Attacking the Racial Divide

Attacking the Racial Divide

By Bob Gatty

Our nation has been afflicted with a racial divide that’s grown deeper over the past four years since the election of President Donald J. Trump, whose rhetoric and actions have deliberately stoked racial fear as he has labeled himself the “law and order” president.

Trump knows that reinforcing racial stereotypes rooted in white fear of Black men works to his advantage among his core followers. Giving lip service to quelling the racial unrest and concern about police killings of unarmed Black people, while simultaneously embracing white supremacist law enforcement tactics and optics, enables him to achieve his goal of upholding the status quo while playing the part of a concerned leader.

After all, Trump’s end game is to stoke racial fear and use it as a tool to win re-election. That’s been his end game since his election.

Trump’s time in office has been filled with tragic consequences for Black Americans who have suffered at the heel – and the knee – of White cops and who continue to face the consequences of living while Black, whether it’s simply driving a car or trying to get paid on an equal basis to their White coworkers.

The Pay Gap

Black workers in the United States routinely make less per hour than their peers.

Data compiled by the Economic Policy Institute (EPI) shows that white workers on average routinely bring home a higher hourly wage than their Black and Hispanic counterparts.

The pattern holds for most education levels, including those with a college degree. White workers in that group outpace Black workers by more than $7 per hour on average.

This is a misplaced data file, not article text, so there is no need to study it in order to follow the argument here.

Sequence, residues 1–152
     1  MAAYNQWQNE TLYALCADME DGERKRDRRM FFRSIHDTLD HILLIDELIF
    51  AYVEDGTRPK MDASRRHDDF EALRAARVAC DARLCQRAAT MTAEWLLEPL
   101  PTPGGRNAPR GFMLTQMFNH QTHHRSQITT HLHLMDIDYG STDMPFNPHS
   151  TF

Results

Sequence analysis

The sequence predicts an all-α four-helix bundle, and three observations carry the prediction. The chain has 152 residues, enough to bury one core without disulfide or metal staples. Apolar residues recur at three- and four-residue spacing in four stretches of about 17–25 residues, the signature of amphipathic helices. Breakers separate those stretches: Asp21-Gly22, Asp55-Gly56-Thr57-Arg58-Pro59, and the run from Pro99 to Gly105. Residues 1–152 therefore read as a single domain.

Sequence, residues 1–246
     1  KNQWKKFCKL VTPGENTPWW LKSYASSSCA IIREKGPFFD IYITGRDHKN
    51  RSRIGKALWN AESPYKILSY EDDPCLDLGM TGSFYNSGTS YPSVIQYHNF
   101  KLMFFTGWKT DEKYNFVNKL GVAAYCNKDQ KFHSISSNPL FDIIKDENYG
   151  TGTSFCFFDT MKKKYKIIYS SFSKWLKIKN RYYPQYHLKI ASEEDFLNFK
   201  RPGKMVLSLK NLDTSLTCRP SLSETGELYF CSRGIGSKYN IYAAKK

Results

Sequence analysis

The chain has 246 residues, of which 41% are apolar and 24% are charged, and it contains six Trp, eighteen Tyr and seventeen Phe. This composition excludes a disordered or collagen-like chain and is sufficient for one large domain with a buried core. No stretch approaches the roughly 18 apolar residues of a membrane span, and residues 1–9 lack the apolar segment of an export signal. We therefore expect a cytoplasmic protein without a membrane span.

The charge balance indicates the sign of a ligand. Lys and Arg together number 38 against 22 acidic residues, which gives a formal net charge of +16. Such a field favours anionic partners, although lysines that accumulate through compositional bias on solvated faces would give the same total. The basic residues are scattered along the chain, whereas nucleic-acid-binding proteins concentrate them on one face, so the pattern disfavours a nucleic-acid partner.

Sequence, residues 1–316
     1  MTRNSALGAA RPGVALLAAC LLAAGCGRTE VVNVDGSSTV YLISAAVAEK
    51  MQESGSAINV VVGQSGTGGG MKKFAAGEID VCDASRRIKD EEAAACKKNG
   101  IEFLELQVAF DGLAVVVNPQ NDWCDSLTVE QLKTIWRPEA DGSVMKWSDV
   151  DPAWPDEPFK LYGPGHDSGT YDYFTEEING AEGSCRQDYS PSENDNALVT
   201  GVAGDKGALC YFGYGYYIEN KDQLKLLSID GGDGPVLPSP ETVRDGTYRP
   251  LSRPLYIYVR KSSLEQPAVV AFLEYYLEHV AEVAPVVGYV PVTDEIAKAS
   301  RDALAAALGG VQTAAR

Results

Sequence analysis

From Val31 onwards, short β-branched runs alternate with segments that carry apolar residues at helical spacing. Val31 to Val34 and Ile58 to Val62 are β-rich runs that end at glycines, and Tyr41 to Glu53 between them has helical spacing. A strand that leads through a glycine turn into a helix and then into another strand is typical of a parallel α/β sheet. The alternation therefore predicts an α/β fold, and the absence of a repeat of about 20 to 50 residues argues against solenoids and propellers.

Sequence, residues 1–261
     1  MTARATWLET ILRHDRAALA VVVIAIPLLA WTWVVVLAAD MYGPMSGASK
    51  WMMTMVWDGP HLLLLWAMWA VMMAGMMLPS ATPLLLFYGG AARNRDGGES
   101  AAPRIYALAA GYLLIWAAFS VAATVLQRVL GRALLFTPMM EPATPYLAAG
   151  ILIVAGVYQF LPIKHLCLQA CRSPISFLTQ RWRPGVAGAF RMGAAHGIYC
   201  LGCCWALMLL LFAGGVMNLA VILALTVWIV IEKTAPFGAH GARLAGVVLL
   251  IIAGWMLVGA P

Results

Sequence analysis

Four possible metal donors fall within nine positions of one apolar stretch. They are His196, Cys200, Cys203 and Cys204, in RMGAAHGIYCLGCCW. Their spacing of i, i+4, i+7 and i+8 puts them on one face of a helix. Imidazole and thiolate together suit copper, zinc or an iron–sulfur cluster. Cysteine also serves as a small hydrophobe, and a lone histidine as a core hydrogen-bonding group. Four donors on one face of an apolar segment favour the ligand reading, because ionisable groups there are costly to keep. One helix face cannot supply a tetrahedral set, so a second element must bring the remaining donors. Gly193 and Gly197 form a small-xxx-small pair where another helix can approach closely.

“The wage gap has actually grown over the last couple decades,” said Valerie Wilson, the director of the Program on Race, Ethnicity, and the Economy at EPI.  “Currently the median Black worker earns about 76 cents for every dollar earned by the median White worker on an hourly basis,” she said. “When we consider race and gender together, that gap is even more glaring. Black women on average earn only about 64 cents for every dollar earned by the average white man.”

Horry County Black Employment

It’s no wonder that many Black residents of Horry County continue to feel like they are second class citizens. A recent survey conducted by HCDP of a cross section of Black residents revealed that about 96 percent of those who responded believe that Black Americans here are treated worse than their White counterparts.

That should not be. But in Horry County, there are few real, productive and good-paying jobs, largely because Republicans in power have done nothing to bring them into our area.

HCDP and Democratic candidates stand for a renewed approach to attracting the industry that will provide those jobs in our communities, thus improving opportunities for all our residents. Democratic candidates have pledged to focus on more than just the hospitality industry and do all they can to attract manufacture and technology jobs with higher pay, more stability, and increased opportunities for productive careers.

Criminal Justice

A person should not be judged by their skin color, but by the content of their character. And, young Black men in Horry County should not be treated any differently. Democratic candidates support holding police accountable for targeting people based on skin color and requiring mandatory training for police and county employees on race relations.